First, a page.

Frothing Demand

Rabid commentary on video games, movies and television.

Tuesday, November 23, 2010

Rabid Criticism: 1UP’s Xbox 360 “Innovations”

I’ve never particularly cared for 1UP, but an article top 10 list they published today in celebration of the fifth anniversary of the Xbox 360 is chock full of errors and subsequently, hilarity. You see, they’ve come up with a list of ten innovations established by the Xbox 360. Problem is, they were all done before the Xbox 360 launched. Let’s run through the list.

High Definition Graphics
PC games were playable in 1280×1024 long before the Xbox 360 was a twinkle in Microsoft’s eye. If you discount the PC, then you just have to look at the original Xbox, which featured a number of games that supported 720p or 1080i. It’s also worth noting that a few PlayStation 2 games, notably Gran Turismo 4, also supported 1080i.

Achievements are just unlockables, usually without any sort of tangible reward attached. Many games have used badges of honour to show off your accomplishments long before 360 Achievements came – think about GoldenEye’s cheats or Mario Kart 64’s changing title screen.

Microsoft Points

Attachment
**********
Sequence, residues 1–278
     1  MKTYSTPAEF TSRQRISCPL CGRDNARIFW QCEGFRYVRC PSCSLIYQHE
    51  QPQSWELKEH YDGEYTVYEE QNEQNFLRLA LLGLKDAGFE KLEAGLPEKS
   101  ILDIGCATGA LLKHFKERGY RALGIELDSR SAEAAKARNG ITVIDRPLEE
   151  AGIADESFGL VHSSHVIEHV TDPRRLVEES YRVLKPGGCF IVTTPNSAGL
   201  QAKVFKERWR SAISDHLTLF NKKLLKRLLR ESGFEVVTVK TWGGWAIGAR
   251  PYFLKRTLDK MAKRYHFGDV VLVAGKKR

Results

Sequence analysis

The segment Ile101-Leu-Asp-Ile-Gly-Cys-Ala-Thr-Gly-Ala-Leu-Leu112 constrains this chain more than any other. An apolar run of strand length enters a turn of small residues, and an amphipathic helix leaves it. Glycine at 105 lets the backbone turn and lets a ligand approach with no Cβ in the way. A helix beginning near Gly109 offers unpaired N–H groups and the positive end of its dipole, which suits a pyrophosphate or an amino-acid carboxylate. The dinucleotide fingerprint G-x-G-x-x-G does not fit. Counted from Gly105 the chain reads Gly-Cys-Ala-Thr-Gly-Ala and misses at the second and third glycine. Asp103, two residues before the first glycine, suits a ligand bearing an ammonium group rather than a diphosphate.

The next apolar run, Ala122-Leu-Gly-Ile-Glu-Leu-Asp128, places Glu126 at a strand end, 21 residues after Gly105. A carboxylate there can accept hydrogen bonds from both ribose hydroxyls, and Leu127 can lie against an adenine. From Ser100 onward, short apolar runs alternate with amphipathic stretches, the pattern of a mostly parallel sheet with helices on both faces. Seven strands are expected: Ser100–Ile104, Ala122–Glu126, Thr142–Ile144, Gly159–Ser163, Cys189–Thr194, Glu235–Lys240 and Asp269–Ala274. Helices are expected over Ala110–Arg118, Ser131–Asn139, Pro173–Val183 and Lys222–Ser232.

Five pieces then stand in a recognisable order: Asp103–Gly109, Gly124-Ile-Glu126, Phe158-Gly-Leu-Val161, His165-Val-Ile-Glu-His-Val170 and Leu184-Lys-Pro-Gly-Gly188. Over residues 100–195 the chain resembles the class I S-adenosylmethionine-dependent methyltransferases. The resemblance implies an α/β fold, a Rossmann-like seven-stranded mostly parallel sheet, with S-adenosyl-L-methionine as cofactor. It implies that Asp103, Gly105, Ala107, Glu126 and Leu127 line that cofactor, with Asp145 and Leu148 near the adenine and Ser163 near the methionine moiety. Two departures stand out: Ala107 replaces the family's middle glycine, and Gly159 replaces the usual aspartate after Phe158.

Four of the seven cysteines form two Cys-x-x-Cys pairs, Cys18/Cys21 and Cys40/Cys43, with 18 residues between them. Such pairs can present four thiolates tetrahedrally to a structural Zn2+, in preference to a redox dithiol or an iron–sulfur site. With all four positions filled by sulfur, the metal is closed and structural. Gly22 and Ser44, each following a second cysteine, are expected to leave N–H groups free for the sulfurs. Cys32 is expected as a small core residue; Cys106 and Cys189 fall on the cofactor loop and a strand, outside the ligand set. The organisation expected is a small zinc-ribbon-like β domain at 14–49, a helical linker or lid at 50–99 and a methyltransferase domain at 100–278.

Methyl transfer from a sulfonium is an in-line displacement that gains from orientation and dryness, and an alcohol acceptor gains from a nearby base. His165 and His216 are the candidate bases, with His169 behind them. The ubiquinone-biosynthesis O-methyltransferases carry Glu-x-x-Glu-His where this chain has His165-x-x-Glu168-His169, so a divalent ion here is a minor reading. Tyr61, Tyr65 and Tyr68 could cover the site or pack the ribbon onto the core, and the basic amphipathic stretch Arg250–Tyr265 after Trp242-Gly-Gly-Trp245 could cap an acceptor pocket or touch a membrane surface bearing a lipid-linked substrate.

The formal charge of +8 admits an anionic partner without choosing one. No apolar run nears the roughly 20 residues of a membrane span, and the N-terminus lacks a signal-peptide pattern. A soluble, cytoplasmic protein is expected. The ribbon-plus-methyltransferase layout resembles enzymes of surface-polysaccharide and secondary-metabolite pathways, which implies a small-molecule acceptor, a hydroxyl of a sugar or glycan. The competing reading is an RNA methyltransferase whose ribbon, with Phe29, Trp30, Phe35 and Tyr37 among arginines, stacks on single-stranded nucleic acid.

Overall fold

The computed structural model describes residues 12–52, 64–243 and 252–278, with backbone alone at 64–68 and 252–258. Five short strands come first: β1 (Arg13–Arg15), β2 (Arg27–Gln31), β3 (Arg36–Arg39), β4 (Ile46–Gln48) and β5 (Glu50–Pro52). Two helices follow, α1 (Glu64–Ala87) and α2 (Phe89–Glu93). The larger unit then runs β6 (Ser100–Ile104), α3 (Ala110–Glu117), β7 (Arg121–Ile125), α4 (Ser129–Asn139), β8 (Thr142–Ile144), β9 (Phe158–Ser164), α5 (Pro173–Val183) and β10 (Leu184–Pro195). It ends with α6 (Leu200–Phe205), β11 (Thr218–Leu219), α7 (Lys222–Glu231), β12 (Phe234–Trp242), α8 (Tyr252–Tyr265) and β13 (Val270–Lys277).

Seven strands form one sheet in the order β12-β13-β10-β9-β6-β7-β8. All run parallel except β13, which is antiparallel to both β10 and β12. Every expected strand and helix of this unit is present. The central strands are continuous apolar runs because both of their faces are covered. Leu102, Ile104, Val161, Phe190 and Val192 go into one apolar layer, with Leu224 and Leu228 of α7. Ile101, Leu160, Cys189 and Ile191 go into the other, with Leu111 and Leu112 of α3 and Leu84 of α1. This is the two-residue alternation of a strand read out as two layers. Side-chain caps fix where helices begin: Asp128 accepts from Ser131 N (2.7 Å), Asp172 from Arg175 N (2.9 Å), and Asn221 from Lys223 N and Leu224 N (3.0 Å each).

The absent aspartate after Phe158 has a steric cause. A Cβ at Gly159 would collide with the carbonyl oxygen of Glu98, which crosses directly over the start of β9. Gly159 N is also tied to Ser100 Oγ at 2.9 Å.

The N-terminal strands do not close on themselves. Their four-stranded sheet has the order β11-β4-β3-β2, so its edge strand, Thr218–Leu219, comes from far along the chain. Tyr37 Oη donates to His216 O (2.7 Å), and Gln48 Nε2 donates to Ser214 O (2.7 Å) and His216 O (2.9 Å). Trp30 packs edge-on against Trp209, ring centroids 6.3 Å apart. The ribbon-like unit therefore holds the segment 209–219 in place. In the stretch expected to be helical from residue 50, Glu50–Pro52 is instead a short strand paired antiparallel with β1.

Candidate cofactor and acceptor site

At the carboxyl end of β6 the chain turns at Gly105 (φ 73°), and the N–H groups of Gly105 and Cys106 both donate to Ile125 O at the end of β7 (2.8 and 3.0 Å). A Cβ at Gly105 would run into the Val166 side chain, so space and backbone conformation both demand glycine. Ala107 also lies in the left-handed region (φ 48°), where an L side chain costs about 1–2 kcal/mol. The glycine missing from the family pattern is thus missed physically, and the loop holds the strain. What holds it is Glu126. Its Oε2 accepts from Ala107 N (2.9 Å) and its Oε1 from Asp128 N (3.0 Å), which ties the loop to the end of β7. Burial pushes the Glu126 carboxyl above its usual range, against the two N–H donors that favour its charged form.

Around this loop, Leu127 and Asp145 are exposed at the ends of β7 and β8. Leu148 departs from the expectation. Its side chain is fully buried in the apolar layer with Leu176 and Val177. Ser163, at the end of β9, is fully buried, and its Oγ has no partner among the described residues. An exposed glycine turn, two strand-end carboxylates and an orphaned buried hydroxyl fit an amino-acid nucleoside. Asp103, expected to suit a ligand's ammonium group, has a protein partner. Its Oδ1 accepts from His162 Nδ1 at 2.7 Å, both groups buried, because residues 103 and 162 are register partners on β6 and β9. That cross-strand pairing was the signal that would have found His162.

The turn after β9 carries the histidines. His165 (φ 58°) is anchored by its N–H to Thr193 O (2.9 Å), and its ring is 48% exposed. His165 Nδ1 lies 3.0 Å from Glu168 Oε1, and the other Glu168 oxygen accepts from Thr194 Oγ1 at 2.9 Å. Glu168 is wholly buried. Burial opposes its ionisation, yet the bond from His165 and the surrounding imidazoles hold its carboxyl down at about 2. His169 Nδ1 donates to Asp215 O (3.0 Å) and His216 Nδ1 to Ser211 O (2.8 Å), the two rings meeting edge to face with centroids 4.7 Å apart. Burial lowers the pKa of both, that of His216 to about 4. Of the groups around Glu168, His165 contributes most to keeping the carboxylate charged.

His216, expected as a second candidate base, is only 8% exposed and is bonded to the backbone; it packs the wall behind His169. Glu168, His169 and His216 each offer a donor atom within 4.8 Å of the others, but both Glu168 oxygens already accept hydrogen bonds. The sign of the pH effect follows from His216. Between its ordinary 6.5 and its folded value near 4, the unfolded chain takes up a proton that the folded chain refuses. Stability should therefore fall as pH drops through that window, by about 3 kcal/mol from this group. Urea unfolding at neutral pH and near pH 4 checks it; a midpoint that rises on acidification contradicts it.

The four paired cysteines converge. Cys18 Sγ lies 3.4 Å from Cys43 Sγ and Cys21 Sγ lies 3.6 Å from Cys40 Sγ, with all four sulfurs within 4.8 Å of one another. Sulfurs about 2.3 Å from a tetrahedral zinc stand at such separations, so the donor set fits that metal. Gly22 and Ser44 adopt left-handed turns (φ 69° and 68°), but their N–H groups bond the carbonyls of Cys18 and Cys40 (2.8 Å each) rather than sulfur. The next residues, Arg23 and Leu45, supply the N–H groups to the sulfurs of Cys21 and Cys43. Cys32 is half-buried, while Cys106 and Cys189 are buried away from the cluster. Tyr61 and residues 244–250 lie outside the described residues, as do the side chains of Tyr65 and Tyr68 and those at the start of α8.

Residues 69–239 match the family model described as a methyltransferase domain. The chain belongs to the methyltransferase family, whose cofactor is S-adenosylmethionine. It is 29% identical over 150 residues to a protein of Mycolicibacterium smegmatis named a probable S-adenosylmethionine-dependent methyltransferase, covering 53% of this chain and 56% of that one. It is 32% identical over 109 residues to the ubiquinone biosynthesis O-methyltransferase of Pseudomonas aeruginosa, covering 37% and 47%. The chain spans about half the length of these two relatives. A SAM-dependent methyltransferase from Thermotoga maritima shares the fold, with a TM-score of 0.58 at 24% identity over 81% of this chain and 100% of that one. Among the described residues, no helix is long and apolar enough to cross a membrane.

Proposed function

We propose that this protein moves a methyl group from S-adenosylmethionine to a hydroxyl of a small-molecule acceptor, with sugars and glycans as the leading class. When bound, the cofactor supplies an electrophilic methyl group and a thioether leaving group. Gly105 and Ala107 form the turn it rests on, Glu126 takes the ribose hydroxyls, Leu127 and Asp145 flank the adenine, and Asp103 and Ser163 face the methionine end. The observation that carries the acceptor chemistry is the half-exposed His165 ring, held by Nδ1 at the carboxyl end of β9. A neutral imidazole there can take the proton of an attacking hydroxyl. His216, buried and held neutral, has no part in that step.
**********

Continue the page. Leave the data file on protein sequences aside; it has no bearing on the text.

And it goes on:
Arcade tokens. Casino Chips. Theme park money.

Trial Games
They even admit here that the PC did this already. They handwave it, talking about previous console demos only coming with magazines. Except that they also came with games as well.

Two bullet points wasted on the same point. Stat tracking for games, even across multiple titles, has been around for ages. Sure, there was never a mandated system before that, but that’s only brought us “Press Start” achievements.

A True Entertainment Hub
It’s called a PC.

PC again.

Digital Distribution
PC!!! Also, there was paid DLC on the original Xbox.

Again they admit it’s lifted from the PC. Didn’t Halo 2 also have matchmaking on the Xbox?

Controller-less gaming? EyeToy and a number of arcade machines.

You want to know some stuff the Xbox 360 introduced that was actually meaningful? Wireless gamepad as standard; a wired version was available for a while, but was not pushed as heavily. The Wavebird popularised RF wireless controllers, but lacked features the Xbox 360 pad has, like force feedback.

There is also a console interface that can be accessed in game without leaving said game. The PS2 variant PSX had the XMB interface popularised by the PSP and PS3, but it was not accessible in-game.

The Xbox 360 also mandated widescreen modes for all games – many of the HD games on the original Xbox still ran in 4:3 windows.

If you’re going to do a fluff piece, do it right.

posted by Matthew Keller at 1:56 pm  

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